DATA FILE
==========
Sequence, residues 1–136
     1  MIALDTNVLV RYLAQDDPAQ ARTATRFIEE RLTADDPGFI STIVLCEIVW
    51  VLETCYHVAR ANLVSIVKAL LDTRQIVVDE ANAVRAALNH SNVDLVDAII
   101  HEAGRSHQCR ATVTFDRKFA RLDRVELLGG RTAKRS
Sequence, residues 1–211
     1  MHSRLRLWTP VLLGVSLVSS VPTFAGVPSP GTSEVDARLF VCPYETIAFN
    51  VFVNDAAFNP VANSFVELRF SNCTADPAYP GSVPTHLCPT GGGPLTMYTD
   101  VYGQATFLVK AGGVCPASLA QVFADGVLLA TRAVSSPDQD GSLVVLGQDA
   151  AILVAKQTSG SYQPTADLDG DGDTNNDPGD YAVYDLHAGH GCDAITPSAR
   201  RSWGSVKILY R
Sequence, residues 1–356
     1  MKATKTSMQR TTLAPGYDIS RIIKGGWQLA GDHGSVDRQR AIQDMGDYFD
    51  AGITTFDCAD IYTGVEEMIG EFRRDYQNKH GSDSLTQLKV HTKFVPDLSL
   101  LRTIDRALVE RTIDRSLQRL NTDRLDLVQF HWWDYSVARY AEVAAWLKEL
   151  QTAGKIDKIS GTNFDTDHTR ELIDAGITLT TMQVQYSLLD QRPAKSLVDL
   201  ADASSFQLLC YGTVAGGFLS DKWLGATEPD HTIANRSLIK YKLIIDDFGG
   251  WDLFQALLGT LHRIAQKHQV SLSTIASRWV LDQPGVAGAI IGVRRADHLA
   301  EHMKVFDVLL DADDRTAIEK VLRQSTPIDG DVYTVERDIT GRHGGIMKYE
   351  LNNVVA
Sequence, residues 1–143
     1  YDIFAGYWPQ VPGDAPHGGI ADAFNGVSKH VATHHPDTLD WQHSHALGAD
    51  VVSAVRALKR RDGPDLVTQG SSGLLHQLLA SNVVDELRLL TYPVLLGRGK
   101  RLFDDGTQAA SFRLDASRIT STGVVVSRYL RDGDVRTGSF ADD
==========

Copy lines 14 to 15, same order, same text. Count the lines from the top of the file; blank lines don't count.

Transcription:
   101  LRTIDRALVE RTIDRSLQRL NTDRLDLVQF HWWDYSVARY AEVAAWLKEL
   151  QTAGKIDKIS GTNFDTDHTR ELIDAGITLT TMQVQYSLLD QRPAKSLVDL